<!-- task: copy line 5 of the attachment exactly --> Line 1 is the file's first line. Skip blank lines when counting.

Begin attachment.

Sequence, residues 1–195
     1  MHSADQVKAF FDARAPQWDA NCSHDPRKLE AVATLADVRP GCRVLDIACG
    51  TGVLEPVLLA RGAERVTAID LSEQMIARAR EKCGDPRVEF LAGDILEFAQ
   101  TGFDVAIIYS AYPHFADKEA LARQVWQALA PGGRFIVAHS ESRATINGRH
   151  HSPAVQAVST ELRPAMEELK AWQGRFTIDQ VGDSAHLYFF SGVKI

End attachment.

   151  HSPAVQAVST ELRPAMEELK AWQGRFTIDQ VGDSAHLYFF SGVKI